Academic journal article College Student Journal

Credit Card Debt on College Campuses: Causes, Consequences, and Solutions

Academic journal article College Student Journal

Credit Card Debt on College Campuses: Causes, Consequences, and Solutions

Article excerpt

Credit card debt is a burgeoning problem on campuses. Although most students handle credit well, a significant minority get into debt. Causes include beliefs about future earnings, debt attitudes and financial knowledge. Many students have not had financial training and, among those who have, classes do not necessarily cause behavioral changes. Colleges, parents, and public policy makers must work together to combat the problem of student consumer debt. Suggestions are made for college policy with respect to credit card solicitation.

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"I've called several attorneys and my question is how can they charge so much for bankruptcy when you already don't have any money? How much do you charge?"

These are questions you might expect to hear in a bankruptcy attorney's office. Instead, the inquiries were from a young woman at a seminar on managing credit card debt led by a local attorney given on our college campus.

Credit cards have become a fact of life on college campuses. With a reported $13 billion in discretionary income, college students represent a huge market for credit card companies (Kara, Kaynak, & Kucukemiroglu, 1994). Students often receive incentives, such as t-shirts or mugs, to apply for cards, and requirements, such as previous credit history, are often waived (Kara et al, 1994). Due in large part to these marketing efforts, a recent study reported that approximately 70 percent of college students possess at least one credit card--a number much higher than previously thought (Manning, 1999), while another study reported that 93 percent of college seniors have acquired at least one card (Markovich & DeVaney, 1997).

Colleges, too, have embraced the idea of credit cards among their students. According to one study, 77 percent of colleges reported accepting credit cards for payment of tuition (National Association of College and University Business Officers, 1995). Further, many colleges allow companies to solicit students and alumni with imprint cards, cards personalized with the institution's logo. Colleges then receive money, either in a lump sum, an amount for each completed application, or, in some cases, a percent of the amount charged by those possessing the cards. Credit card companies often are allowed to seek business on campus. For example, at some institutions, student groups may sponsor credit card companies who wish to solicit applications. Both sides appear to benefit from this arrangement. The student group receives a set dollar amount for each application received, and the company is able to set up a table one day a week in the student union.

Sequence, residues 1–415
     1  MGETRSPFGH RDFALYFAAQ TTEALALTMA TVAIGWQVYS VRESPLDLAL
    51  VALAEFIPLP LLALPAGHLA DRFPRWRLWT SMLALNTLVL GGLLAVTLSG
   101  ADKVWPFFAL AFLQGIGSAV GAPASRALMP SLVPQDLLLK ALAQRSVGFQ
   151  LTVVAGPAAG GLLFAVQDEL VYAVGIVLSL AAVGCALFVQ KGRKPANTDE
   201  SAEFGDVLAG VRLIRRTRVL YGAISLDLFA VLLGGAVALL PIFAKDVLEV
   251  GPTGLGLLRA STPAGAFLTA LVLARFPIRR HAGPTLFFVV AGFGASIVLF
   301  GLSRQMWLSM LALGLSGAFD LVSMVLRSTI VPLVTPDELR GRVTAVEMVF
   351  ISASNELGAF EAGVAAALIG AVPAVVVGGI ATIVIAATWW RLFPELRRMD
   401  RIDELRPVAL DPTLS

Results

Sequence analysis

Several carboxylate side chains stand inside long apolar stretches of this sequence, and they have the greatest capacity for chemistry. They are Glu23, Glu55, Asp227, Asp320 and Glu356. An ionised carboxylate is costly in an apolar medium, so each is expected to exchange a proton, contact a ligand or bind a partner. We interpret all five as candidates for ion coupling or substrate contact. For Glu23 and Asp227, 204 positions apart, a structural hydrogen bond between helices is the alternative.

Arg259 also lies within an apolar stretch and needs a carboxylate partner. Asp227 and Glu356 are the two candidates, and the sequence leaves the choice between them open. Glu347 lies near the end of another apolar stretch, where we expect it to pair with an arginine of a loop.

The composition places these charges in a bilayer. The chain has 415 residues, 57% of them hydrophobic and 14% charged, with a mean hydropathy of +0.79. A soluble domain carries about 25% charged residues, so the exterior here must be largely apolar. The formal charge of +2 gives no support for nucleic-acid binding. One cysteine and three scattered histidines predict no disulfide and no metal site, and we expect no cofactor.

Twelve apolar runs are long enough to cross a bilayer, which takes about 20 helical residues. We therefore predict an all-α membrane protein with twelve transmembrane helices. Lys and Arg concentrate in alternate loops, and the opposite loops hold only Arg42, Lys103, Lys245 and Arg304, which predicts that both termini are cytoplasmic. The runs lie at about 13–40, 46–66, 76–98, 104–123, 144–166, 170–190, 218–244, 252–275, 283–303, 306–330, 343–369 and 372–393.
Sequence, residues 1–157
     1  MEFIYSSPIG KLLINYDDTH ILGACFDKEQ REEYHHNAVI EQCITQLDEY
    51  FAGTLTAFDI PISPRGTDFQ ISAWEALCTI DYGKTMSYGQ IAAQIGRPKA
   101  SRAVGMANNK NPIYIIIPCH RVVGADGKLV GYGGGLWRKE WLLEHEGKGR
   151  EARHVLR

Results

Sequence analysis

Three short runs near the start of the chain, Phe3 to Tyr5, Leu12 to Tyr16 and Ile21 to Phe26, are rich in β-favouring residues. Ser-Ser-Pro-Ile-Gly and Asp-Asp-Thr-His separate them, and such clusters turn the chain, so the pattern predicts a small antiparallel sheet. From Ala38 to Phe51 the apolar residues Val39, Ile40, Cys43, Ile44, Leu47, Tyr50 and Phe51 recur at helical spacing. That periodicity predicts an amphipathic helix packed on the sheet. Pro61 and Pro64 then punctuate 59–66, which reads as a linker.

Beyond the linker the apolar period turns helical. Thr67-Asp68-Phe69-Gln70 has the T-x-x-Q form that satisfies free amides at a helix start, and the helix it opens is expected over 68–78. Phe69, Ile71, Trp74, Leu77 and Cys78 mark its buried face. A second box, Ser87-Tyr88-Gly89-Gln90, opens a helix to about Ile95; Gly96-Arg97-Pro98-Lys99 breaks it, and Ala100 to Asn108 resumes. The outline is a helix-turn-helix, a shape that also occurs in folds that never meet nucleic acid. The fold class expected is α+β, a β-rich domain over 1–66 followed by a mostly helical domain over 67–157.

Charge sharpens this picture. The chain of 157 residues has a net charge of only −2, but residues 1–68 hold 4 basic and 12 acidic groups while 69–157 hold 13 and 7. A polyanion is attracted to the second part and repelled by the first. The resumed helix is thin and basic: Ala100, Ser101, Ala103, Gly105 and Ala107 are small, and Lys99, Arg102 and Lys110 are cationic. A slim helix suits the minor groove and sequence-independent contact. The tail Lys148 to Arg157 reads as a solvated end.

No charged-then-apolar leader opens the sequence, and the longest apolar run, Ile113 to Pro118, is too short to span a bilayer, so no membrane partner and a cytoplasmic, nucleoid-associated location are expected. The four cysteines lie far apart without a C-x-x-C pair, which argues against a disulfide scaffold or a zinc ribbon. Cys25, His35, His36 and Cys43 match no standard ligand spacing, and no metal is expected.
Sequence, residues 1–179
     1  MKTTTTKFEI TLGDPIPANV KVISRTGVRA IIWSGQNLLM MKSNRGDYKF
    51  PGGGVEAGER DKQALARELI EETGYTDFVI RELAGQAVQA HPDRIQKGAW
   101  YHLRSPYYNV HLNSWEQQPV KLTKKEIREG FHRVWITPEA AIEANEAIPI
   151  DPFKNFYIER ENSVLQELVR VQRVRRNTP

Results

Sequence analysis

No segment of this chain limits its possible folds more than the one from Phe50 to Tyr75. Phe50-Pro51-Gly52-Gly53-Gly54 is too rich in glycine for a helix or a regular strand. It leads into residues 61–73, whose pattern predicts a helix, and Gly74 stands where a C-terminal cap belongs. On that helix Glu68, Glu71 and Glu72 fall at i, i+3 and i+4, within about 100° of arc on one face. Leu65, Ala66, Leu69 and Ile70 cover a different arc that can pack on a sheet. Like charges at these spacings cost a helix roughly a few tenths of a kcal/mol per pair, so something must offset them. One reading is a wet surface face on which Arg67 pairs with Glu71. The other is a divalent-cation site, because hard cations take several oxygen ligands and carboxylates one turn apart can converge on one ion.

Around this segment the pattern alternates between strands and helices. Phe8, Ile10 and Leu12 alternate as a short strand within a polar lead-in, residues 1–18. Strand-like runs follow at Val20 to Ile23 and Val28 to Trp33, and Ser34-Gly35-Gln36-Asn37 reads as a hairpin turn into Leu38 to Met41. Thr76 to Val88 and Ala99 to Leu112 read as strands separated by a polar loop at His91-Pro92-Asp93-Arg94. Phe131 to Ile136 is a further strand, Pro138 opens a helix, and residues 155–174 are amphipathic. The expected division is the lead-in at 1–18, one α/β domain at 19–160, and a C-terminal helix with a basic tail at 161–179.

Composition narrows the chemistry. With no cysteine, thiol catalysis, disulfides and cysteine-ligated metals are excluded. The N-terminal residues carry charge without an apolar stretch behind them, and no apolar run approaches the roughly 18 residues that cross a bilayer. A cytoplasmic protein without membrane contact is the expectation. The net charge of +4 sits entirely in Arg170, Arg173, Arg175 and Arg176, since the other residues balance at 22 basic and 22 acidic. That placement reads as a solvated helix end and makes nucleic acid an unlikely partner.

Most Students Manage Credit Well

For most students, this easy access to credit is not an issue. Studies indicate that most students manage credit wisely. The 1998 TERI (The Education Resources Institute) Credit Risk or Credit Worthy study reported that 59 percent of students pay off their credit cards monthly. Others have estimated that only one in ten students is irresponsible with credit card use (Stanford, 1999). Indeed, the TERI study reported that most students report using and having credit cards in order to build a credit history and for use in emergencies. The study further reported that 82 percent of students with credit cards had balances of $1000 or less.

Credit Card Debt is a Problem for Many

However, despite the fact that the majority of students do well managing their finances, a significant portion do not. Manning (1999) reported an average credit card debt of $2,226 while Norvilitis, Szablicki, and Wilson (in press) found an average debt of $1,518 among all students. The consequences can be serious. There have been at least two cases widely reported in the media of college students who took their lives in part because of their credit card debt. Sean Moyer was a 22-year-old student with $10,000 of debt and Mitzi Pool was a 19-year-old student with $2,500 in debt. …

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